"Yes, Mr. Schutt. Thanks so much for ordering it. How much do I owe you?"
His eyes scanned the yellowed purchase order book. "With shipping and tax, two dollars and twenty-five cents." He looked up from the order and frowned. "That's a mighty expensive book, if you don't mind me saying so."
Marjorie's stomach tightened. She withdrew her wallet from her purse and braced herself for another of Mr. Schutt's tirades. The Schutt family—Walter, the proprietor and sole clerk at Schutt's Book Nook, his wife, twin daughters, and son—were the most unpopular clan in the tiny village of Ridgebury, Connecticut. The self-anointed pillars of the community, they thought it their duty to protect their brethren from sin, foolishness, and wrongdoing.
She extracted three one-dollar bills and thrust them into his outstretched hand as if in an effort to purchase his silence. Squinting, he held them aloft against the light for close inspection, and then mumbled, "Thank you," before placing them in the ancient cash register. While removing her change from the drawer, he resumed the inquisition.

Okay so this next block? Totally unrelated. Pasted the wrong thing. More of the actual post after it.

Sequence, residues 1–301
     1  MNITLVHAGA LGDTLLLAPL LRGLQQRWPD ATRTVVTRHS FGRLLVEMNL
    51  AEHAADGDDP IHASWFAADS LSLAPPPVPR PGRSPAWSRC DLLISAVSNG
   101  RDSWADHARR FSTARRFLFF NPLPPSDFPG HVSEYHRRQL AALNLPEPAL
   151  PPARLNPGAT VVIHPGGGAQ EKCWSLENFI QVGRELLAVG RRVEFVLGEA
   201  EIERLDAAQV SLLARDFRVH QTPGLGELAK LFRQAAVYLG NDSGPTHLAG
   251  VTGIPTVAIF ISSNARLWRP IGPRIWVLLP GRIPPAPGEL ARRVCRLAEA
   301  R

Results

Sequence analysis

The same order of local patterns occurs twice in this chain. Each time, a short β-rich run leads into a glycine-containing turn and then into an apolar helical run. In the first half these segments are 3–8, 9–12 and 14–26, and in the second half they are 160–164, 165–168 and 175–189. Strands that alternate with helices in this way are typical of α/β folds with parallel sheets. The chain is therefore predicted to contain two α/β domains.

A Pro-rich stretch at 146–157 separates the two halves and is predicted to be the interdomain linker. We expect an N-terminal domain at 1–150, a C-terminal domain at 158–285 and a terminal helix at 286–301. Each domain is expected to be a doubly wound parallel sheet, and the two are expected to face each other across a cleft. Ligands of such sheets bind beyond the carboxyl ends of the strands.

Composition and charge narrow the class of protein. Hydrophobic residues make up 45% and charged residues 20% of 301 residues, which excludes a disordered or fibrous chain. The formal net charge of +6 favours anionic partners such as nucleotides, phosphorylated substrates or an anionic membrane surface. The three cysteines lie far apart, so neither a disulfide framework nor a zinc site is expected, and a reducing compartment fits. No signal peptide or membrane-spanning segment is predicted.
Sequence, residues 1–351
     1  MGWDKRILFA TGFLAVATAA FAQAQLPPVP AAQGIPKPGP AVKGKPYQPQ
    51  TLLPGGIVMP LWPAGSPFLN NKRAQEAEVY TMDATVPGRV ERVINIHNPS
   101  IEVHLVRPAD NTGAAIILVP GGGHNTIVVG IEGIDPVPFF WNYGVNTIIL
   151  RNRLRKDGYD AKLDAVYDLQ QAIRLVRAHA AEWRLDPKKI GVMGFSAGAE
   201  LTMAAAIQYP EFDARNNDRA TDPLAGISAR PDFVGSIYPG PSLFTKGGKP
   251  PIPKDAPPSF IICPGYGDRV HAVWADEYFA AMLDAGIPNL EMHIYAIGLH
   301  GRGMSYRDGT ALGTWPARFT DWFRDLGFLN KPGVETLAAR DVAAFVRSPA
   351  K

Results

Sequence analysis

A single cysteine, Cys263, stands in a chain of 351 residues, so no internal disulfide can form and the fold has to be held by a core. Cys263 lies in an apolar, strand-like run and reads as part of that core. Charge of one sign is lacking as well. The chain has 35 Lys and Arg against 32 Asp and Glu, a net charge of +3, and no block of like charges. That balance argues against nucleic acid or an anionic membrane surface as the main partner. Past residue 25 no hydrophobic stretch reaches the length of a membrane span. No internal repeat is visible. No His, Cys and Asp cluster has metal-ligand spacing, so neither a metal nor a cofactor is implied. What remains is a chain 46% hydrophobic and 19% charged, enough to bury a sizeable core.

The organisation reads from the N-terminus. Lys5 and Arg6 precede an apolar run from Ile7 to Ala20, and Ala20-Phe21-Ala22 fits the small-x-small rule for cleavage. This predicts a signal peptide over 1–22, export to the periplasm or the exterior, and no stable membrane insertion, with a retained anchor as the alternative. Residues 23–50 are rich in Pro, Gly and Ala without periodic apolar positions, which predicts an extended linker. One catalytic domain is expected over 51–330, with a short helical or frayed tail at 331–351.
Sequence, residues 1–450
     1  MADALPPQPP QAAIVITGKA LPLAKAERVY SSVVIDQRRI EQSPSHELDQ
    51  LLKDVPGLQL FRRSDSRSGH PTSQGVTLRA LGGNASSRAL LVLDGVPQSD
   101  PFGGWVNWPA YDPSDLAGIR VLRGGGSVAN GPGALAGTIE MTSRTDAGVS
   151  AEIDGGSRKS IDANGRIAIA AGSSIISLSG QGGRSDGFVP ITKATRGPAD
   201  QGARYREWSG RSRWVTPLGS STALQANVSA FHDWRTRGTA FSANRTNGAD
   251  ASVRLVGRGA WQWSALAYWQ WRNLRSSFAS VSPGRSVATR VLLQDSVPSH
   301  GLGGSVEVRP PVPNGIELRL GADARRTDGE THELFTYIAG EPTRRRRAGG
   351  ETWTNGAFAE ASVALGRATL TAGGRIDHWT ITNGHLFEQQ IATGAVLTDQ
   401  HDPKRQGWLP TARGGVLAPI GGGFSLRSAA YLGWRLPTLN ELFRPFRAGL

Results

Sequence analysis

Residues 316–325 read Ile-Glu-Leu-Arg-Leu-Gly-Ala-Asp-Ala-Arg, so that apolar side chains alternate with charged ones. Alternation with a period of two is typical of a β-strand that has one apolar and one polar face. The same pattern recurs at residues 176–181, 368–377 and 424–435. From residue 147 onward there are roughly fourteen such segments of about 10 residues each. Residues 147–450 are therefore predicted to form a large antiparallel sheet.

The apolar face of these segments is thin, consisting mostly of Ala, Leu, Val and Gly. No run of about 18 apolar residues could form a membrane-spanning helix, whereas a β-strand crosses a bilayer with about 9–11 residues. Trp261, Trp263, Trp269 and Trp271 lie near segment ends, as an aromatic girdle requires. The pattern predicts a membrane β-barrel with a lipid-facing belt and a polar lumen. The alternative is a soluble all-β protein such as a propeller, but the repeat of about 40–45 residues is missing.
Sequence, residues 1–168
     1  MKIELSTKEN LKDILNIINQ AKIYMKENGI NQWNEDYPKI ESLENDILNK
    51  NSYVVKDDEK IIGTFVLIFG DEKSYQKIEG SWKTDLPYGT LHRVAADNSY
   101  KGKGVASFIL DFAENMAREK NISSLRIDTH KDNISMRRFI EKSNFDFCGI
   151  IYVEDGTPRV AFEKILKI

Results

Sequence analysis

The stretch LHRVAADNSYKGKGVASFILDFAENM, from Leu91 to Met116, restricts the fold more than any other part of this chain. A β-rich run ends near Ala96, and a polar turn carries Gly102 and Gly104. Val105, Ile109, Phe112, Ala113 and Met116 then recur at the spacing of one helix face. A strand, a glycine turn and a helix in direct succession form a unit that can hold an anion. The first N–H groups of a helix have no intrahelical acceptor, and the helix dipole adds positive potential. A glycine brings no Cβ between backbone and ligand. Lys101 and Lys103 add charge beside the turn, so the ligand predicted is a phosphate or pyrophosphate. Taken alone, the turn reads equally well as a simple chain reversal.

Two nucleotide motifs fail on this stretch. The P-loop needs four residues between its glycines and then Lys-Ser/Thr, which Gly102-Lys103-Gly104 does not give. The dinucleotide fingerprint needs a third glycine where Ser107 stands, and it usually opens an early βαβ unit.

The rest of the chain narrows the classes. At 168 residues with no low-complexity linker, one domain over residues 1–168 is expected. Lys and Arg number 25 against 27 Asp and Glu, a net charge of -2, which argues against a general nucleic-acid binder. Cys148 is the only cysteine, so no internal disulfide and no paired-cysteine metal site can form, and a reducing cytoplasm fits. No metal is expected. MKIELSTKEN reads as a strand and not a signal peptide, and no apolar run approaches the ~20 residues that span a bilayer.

"I don't mean to pry, Miss McClelland . . ."
Yes, you do, you old bat, thought Marjorie.
"But can you really afford to be purchasing books this way? I mean, given your occupation . . ."
Mr. Schutt was always referring to her "occupation" as if she were a scullery maid rather than a moderately successful mystery writer. Three of her books had been published in the past two years, and their sales had provided her with a comfortable, if not affluent, lifestyle. Her income afforded life's necessities, as well as its modest pleasures: cosmetics and clothes, permanent waves, occasional Saturday nights at the pictures, and cups of coffee or soda at the local drugstore. Given the year was 1935 and the world was in the middle of a deep economic depression, it was, she thought, a life more comfortable than many.